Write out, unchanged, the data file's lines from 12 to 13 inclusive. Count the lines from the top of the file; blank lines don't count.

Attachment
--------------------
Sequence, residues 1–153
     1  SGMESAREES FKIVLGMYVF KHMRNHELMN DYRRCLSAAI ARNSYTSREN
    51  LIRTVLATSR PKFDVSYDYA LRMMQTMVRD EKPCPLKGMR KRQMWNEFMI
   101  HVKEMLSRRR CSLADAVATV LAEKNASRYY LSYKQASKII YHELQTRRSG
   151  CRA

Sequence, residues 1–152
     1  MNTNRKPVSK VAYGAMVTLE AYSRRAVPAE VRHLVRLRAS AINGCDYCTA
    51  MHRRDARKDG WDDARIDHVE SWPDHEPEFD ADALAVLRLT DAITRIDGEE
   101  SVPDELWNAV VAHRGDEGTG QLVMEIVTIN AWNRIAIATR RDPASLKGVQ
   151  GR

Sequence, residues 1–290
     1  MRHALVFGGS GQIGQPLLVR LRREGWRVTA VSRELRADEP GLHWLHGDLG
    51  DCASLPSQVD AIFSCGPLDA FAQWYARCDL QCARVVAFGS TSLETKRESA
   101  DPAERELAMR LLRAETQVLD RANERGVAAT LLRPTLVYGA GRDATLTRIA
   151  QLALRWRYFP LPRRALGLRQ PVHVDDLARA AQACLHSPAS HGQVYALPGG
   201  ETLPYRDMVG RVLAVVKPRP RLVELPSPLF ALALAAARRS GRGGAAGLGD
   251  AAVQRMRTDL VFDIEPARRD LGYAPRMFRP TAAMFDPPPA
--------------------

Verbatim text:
     1  MRHALVFGGS GQIGQPLLVR LRREGWRVTA VSRELRADEP GLHWLHGDLG
    51  DCASLPSQVD AIFSCGPLDA FAQWYARCDL QCARVVAFGS TSLETKRESA